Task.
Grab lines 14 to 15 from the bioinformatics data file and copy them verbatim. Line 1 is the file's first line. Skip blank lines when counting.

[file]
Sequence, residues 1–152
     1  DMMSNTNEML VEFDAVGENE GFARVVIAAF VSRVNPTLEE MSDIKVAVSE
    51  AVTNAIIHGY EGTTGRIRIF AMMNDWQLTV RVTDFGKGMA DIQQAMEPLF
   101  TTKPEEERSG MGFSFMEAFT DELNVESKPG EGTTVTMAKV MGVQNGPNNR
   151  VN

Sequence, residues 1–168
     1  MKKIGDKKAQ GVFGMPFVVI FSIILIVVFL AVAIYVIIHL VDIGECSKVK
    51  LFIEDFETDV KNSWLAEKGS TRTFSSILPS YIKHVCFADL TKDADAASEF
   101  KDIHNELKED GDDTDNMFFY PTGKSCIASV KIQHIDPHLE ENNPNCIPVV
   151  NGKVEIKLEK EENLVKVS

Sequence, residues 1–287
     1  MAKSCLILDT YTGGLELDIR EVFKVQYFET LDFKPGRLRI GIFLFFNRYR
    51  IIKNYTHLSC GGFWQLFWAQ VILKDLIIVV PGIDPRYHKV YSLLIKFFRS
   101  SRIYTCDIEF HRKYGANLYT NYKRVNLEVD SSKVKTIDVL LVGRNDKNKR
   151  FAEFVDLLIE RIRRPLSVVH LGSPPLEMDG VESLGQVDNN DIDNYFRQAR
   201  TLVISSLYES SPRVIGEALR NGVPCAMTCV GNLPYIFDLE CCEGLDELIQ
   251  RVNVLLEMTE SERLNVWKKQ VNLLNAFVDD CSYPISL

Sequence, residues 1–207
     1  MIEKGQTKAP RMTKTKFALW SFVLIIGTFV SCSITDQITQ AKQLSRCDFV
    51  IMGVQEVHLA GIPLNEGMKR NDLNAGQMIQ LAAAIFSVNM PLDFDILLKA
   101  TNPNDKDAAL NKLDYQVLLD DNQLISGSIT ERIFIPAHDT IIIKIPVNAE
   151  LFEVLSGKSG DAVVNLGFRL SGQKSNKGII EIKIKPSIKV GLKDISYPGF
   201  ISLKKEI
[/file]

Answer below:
   101  SRIYTCDIEF HRKYGANLYT NYKRVNLEVD SSKVKTIDVL LVGRNDKNKR
   151  FAEFVDLLIE RIRRPLSVVH LGSPPLEMDG VESLGQVDNN DIDNYFRQAR